Monday, October 23, 2006

Connecticut Bishop OKs Same-Sex Blessings

The New York Times reports that Bishop Andrew Smith has authorized the blessing of same-sex unions in his diocese. However, clergy there still are forbidden to preside at civil union ceremonies. In other words, there is a clear separation of Church and State being invoked in the case of same-sex couples: the legal contract is the business of the State, while the blessing of the relationship is the appropriate role for the Church. No such distinction is being enforced in the Diocese of Connecticut with respect to heterosexual marriage.

This has been my own stance as a priest: I will bless monogamous, life-long relationships of fidelity and mutuality but I will not sign a marriage license. This isn't a particularly courageous stance on my part, as I serve a largely gay and lesbian congregation whose members do not enjoy access to the civil institution of marriage. Unlike some congregations, we are not a "wedding factory" dependent upon the revenue provided by renting out our priest and sanctuary to qualified customers. So, this has been an easy step for me to take.

I'd be curious to hear how others feel about this issue. What are the respective roles of Church and State with respect to marriage? Are civil and sacramental marriage the same thing? Does it make a difference whether the couple is gay or straight?


R said...


Are civil and sacramental marriage the same thing?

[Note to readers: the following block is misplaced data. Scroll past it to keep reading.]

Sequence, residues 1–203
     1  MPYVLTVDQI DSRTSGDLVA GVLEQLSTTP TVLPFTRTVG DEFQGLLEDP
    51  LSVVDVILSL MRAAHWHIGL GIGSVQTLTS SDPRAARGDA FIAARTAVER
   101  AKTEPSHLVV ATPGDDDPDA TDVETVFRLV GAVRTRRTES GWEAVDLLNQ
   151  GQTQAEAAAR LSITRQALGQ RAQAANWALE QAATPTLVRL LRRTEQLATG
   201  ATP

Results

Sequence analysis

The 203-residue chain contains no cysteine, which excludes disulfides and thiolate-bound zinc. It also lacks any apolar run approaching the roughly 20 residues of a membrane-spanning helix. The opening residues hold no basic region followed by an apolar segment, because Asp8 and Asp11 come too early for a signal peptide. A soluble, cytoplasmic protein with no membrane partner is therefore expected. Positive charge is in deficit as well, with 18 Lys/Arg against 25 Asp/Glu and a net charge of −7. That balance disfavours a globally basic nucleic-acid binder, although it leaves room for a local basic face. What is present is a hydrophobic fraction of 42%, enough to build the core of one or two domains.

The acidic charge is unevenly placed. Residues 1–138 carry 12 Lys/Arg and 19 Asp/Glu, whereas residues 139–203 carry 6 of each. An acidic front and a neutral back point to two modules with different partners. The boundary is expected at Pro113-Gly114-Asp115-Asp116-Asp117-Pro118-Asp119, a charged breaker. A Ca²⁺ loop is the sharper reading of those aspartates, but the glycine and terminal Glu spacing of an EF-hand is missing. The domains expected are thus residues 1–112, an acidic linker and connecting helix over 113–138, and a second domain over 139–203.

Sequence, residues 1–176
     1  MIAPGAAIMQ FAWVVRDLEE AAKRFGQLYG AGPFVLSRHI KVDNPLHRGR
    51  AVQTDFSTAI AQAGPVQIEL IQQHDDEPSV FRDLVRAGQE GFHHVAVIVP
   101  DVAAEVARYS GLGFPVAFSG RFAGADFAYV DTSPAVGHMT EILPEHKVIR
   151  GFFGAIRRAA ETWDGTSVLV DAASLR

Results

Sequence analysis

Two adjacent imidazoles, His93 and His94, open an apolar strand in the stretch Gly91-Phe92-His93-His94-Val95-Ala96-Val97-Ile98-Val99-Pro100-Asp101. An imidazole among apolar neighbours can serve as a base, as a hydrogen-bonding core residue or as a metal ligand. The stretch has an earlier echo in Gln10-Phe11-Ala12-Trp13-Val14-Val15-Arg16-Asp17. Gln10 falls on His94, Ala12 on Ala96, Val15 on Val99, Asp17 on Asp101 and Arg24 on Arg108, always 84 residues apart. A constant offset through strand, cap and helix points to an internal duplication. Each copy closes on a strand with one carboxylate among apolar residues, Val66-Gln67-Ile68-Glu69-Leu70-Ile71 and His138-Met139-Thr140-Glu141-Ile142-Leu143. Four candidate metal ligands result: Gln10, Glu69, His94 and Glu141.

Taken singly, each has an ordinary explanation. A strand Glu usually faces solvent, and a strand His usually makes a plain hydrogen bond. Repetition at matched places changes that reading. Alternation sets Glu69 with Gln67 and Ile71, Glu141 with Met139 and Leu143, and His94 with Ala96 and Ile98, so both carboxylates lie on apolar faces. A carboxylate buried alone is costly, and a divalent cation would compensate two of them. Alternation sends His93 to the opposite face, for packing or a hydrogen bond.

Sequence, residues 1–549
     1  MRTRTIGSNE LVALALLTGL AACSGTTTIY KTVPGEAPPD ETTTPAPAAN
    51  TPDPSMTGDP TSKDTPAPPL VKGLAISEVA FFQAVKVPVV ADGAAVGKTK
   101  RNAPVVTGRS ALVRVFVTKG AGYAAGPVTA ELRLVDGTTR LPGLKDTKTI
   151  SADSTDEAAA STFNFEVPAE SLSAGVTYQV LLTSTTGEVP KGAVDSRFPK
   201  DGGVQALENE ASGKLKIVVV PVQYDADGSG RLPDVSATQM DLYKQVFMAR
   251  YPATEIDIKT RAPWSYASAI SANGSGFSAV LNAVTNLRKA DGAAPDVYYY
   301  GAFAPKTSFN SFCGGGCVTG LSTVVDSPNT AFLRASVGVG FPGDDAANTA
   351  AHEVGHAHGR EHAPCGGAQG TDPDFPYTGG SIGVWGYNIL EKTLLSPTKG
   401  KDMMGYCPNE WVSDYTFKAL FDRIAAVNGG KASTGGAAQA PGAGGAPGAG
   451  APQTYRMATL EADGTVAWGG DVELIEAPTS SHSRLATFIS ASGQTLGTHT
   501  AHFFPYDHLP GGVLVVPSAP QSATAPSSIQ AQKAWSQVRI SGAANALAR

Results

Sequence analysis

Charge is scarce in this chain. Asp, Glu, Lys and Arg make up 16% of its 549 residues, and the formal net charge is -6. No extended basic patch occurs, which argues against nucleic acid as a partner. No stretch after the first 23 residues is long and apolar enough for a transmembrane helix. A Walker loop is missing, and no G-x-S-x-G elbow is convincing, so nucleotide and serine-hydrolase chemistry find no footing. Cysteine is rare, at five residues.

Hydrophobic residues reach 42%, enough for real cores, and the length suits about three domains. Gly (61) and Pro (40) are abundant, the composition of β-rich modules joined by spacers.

That's a tough one, and maybe it's a question that points to one of the inscrutable mysteries of relationships.

I am convinced that the sacrament in marriage/union is fulfilled ultimately by the couple and God. All we can do in the Church is recognize and bless it -- and name it as sacrament: that is, a witness and sign of God's grace in our midst.

Too often, our language distorts this understanding. I don't believe priests "perform" marriages. The real action resides in the couple. We can only celebrate that and ask the community to support and uphold the new thing God has done.

Can a civil marriage be sacramental? I would argue yes, by God's grace. The only thing about a civil ceremony is that it will not likely articulate the sacramentality of the union in a public way or intentionally bless it. In this way, practically speaking, the state has a much more narrow, legal view of the union than the Church might or should.

Put another way: it might be possible for couples who have undertaken a civil marriage/union to still have a sacramental union without the church's involvement. I have to assume God is present with or without the church's hand in all of this.

But it would also be possible for that couple simply to enter a legal arrangement for the sake of benefits, and never engage in the richness of a sacramental union. . .I guess we used to call that a "marriage of convenience."

Of course, this happens sometimes even when the church blesses a marriage. Like any sacrament, we can presuppose God's grace, but whether or not it will be embraced by those to whom it is offered is quite another question. . .which leads to a good reason why any union/marriage is a matter of discernment for the couple in consultation with others.